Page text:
4 ways to keep moving with joint pain

If you suffer from joint pain, exercise may seem like the last thing you want to do, or need to do. But the right exercises performed properly can be a long-lasting way to subdue ankle, knee, hip, or shoulder pain. For some people, the right exercise routine can even help delay or sidestep surgery.

While exercise is great medicine, it only works if you carve out time to do it regularly. And sometimes the hardest part of a workout is getting started. Here are four ways to help you get your dose of physical activity:

    1. Carve out the time. Skip several half-hour TV shows a week or work out while watching. Get up half an hour earlier each day for a morning workout. If big blocks of time aren't falling into your lap, try 10-minute walks, or half a workout in the morning and half in the evening.
    2. Build activity into your daily routine. Take stairs, not elevators. When commuting, get off the bus or subway a stop or two ahead, or park farther away from your workplace. While on the phone, try a few stretches, pace, or do simple exercises like lunges, squats, and heel raises. Bike or walk to work. When running errands within a reasonable radius, park your car in one spot and walk to different shops. Replace your desk and desk chair with a standing desk. Try substituting a stability ball for your desk chair a few hours a day. Rake leaves and shovel snow instead of using a leaf blower or snow blower.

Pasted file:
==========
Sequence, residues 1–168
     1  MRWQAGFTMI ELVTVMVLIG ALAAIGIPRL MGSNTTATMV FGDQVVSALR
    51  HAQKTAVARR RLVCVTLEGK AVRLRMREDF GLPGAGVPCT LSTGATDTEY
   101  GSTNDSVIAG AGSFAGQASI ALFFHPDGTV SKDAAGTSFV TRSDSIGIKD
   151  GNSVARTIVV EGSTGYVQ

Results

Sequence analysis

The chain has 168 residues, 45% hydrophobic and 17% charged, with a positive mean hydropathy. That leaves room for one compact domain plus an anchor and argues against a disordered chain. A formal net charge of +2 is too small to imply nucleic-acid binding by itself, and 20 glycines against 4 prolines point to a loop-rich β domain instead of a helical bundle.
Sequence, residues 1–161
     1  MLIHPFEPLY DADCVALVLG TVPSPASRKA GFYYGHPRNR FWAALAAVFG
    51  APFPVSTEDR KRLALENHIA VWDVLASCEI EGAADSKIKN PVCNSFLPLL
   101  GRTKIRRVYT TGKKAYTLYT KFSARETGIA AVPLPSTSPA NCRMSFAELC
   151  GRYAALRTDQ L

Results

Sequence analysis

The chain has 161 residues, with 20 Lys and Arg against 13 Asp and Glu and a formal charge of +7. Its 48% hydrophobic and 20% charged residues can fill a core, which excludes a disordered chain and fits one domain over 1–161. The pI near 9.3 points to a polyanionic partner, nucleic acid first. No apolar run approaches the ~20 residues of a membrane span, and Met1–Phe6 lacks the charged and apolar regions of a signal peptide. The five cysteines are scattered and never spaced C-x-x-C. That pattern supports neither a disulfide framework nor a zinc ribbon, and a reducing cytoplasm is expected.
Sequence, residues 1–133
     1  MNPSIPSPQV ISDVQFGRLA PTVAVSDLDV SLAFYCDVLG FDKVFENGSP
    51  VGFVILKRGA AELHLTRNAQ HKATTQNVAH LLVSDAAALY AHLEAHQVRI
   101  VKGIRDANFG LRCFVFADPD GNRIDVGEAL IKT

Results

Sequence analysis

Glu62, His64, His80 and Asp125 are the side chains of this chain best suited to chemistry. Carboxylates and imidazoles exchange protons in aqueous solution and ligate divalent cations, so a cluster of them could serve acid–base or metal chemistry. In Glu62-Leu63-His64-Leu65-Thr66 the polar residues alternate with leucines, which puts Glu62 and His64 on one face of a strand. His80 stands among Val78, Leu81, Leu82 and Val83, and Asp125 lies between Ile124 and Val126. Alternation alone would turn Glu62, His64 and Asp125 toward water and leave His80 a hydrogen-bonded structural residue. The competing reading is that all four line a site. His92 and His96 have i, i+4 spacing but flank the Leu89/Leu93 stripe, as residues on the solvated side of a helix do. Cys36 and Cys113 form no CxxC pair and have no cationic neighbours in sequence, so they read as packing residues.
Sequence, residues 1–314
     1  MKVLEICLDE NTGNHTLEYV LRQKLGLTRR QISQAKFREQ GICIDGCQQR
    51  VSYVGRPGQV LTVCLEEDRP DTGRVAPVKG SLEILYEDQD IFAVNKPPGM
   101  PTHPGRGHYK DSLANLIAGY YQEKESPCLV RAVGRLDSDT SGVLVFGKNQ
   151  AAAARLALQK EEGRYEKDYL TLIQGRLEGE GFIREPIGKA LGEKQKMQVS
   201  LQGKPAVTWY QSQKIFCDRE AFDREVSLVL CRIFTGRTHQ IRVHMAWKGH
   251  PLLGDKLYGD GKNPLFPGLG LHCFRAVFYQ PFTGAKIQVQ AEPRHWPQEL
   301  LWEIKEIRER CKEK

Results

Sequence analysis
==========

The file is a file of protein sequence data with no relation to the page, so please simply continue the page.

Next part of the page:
3. Find a workout buddy. Workouts with a friend can be more enjoyable, plus you're less likely to cancel on the spur of the moment.
    4. Bugged by bad weather or early darkness? Buy equipment necessary for exercising at home, join a gym, try a class in your community, or walk the mall or an indoor athletic track at a local school.

      When motivation flags, remind yourself of your goals, plan small rewards, ask a friend to check up on you, or consider working out with a personal trainer.

      For more on developing and mastering joint pain relief workout, buy The Joint Pain Relief Workout, a Special Health Report from Harvard Medical School.